• Prasad Beaven by Prasad Beaven
    Fluid Forms: Abstract Art and Watercolour Techniques

    Have you ever marvelled at the seamless flow of colours on a canvas, much like water gliding over a streambed? I once encountered an abstract watercolour at an intimate gallery in St. Ives, Cornwall, which was so fluid and dynamic that it seemed to breathe with an unseen life force.

    It was mesmerising.

    Abstract art, when combined with the sensitive medium of watercolour, creates an unparalleled visual and emotional experience. Through this lens, we dive into the realm of Fluid Forms.

  • Prasad Beaven by Prasad Beaven
    Spiritual Art: Transformative and Inspiring

    Observe the gentle ebb and flow of your breath, much like the fluidity seen in spiritual art. How often do you take moments to connect with your inner self through mysticism?

    Spiritual art has the profound capacity to illuminate this connection, fostering introspection and self-awareness. Embrace the transformative essence of wall art to delve deeper into your spiritual experiences.

  • Prasad Beaven by Prasad Beaven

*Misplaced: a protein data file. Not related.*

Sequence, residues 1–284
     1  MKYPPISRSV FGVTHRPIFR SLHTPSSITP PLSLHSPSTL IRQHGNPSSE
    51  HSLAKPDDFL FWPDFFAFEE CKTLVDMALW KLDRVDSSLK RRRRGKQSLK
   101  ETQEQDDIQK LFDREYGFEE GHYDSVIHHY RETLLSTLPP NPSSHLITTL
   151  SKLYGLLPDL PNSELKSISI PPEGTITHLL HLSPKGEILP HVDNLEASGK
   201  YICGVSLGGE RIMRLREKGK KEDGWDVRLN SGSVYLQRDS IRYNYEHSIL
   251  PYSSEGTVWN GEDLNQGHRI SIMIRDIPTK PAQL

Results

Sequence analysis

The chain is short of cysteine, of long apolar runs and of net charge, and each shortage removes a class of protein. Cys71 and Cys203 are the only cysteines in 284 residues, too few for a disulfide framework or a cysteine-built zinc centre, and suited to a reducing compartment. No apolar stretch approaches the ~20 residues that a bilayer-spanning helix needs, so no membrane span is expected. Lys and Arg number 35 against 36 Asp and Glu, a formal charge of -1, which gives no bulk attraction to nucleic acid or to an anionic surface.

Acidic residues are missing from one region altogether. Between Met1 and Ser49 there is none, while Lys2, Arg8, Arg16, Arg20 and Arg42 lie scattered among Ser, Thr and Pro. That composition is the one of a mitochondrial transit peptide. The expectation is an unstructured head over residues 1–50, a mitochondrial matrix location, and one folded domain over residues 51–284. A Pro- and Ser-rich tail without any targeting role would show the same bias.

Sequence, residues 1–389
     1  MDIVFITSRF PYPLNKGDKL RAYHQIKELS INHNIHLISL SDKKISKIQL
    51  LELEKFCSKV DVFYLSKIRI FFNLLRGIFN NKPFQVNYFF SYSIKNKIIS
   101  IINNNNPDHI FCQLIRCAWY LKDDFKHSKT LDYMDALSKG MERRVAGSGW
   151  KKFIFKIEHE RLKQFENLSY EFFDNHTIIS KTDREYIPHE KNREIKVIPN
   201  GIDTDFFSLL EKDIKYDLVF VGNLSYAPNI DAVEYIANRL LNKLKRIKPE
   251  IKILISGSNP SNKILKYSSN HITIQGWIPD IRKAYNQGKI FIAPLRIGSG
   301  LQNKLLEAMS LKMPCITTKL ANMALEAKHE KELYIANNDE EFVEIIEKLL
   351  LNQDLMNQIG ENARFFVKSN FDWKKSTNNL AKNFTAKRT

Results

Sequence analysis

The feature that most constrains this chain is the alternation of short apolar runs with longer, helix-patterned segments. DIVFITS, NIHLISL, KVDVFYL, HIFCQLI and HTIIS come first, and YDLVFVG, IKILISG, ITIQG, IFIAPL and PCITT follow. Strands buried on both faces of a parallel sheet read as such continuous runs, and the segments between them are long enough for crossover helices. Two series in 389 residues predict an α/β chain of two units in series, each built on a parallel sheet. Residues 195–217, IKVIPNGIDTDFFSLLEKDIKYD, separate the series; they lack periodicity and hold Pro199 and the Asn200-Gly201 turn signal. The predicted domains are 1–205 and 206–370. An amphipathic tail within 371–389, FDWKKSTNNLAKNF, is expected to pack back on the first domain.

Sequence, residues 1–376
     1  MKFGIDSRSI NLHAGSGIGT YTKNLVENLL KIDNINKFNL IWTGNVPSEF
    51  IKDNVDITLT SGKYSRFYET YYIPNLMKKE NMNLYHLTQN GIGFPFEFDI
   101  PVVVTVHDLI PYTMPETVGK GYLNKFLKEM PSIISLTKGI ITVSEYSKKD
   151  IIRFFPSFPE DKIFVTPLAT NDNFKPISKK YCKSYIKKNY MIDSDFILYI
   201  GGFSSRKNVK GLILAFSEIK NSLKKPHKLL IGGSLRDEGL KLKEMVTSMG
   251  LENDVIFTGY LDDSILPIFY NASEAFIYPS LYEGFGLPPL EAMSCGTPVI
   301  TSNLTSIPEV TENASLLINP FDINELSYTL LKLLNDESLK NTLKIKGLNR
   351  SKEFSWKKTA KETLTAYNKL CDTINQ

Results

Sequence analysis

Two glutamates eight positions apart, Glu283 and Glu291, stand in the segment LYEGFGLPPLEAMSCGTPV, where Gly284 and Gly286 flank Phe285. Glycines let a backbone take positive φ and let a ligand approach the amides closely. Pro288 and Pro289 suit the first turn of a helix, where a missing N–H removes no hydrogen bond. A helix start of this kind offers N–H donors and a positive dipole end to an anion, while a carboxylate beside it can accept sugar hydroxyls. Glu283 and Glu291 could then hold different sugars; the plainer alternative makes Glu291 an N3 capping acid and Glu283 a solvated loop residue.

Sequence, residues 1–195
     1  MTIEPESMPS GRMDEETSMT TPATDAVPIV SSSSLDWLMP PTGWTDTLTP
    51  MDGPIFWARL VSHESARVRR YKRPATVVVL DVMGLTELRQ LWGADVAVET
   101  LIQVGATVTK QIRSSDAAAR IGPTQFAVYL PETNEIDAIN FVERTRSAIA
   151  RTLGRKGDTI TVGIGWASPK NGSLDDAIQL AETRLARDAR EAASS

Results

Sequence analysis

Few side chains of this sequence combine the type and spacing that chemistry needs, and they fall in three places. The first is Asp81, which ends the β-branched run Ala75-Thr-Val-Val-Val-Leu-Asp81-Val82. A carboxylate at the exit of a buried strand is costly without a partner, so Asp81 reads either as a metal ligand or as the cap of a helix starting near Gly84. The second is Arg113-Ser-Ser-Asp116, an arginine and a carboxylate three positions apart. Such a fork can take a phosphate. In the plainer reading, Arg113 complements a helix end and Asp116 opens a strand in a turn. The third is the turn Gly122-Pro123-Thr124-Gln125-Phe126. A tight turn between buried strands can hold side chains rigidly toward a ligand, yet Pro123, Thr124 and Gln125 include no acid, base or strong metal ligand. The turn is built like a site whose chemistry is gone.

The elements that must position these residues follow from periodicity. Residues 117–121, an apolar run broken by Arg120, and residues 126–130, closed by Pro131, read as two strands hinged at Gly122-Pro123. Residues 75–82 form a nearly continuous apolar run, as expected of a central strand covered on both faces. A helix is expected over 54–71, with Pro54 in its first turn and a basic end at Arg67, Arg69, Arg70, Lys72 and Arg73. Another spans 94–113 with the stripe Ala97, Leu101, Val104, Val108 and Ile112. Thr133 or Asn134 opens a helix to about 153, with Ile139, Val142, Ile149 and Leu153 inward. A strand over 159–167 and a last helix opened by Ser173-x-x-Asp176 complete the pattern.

"Personalising Your Space: The Impact of Wall Art Prints"
    In today's fast-paced world, where individuality is celebrated and self-expression is key, the way we decorate our living spaces plays a significant role in reflecting our personality and style. Whether it's a cosy apartment nestled in the heart of the city, a modern loft perched atop a skyscraper, or a traditional home in a quaint suburban neighbourhood, the walls that surround us offer a vast canvas for self-expression and creative exploration. Amidst the myriad of decor options available, one particular trend has surged in popularity over recent years - the use of wall art prints. From striking photographs capturing fleeting moments of beauty to abstract designs that challenge our perceptions of reality, wall art prints have emerged as a powerful tool for transforming a room and imbuing it with a sense of character and personality. In this blog post, we will explore the profound impact of wall art prints and delve into how they can enhance your living space in more ways than one.
  • Baba Aziz

    Commission inspired by the film
    Prasad Beaven by Prasad Beaven
    Baba Aziz

    Recently I was commissioned to make a painting based on the movie 'Baba Aziz'.